2013-06-21 10:32:34 AM

czetie: unlikely: Man, having "war vet" as a hero's origin story mucks with the story over time, doesn't it?
Didn't Suspense 39 have him in Korea?

Sargent Nick Fury and his howlin' commandos want Stark to get off their lawn. And yes, it does.

This has become a core problem with the whole superhero business. Once upon a time, the characters were essentially disposable: cheesy origin story, run of generic crime-busting adventures, end of series, repeat. Before Superman nobody really expected a superhero to be an enduring and continuing character with all of the problems of continuity, aging, etc. that introduces, and especially the difficulty of engaging new readers. (Even long-running precursors concerned themselves very little with continuity, preferring the unchanging "eternal now" of most sitcoms). The smart but brave thing to do is to allow the character to run its course, aging more or less with the reading audience, then retire them in favor of something fresh.

Unfortunately, too many characters have passed a threshold where they have become too valuable to let go, so instead we get the modern era of retcons, reboots, resets, resurrections, do-overs, start-overs, etc. But these create their own problems: unless you reboot the whole universe, one character's reset creates continuity errors in others' timelines (much like what happened to Knot's Landing when Dallas undid the death of Bobby). And for longstanding readers, they can't just forget what they have previously known, and that colors their reading of the new material, like watching Macbeth is never the same after reading the Wasteland.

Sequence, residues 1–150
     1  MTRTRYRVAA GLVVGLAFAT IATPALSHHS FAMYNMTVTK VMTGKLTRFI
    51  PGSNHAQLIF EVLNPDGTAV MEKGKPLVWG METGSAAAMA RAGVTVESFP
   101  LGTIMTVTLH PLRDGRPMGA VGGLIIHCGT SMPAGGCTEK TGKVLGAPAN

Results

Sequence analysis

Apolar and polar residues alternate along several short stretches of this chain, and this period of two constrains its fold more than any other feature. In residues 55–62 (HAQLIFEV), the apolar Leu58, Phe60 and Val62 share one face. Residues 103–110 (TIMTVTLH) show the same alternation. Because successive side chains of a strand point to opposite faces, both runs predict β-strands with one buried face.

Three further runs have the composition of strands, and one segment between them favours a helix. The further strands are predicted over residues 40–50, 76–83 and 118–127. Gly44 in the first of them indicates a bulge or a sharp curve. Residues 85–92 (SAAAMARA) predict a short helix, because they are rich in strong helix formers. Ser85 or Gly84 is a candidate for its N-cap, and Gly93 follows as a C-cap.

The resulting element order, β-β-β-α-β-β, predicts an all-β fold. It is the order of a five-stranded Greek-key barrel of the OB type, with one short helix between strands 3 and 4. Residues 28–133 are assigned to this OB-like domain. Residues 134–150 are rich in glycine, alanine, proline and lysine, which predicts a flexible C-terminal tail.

Deep, man.
 
2013-06-21 10:41:34 AM
I don't know what subby is talking about. In the movies he's not a vietnam vet. Jeez it's like you didn't even watch it.
 
2013-06-21 10:43:22 AM

unlikely: Man, having "war vet" as a hero's origin story mucks with the story over time, doesn't it?
Didn't Suspense 39 have him in Korea?


Nope. He was in Vietnam demonstrating the effectiveness of 'transistorized' miniature mortars.

The update of his origin to Afghanistan was quite appropriate, I think.
 
2013-06-21 11:01:43 AM
I blame Will Smith's kid for promoting the inappropriate uses of Iron Man.
img.fark.net
 
2013-06-21 11:02:19 AM

czetie: unlikely: Man, having "war vet" as a hero's origin story mucks with the story over time, doesn't it?
Didn't Suspense 39 have him in Korea?


Unfortunately, too many characters have passed a threshold where they have become too valuable to let go, so instead we get the modern era of retcons, reboots, resets, resurrections, do-overs, start-overs, etc. But these create their own problems: unless you reboot the whole universe, one character's reset creates continuity errors in others' timelines (much like what happened to Knot's Landing when Dallas undid the death of Bobby). And for longstanding readers, they can't just forget what they have previously known, and that colors their reading of the new material, like watching Macbeth is never the same after reading the Wasteland.



I actually really do have a problem with this sort of thing.  Everytime I see a new "reboot" coming about, especially one that's already been done in recent times, for instance, Spiderman, and Batman.  I mean, is it really necessary to tell the same story with new actors, and just make it look a little better?

It just screams of the fact that Hollywood is totally out of ideas.  Well, maybe not.  Because at least the stories are a little different.  But they have no faith that a completely NEW story with completely NEW characters will sell.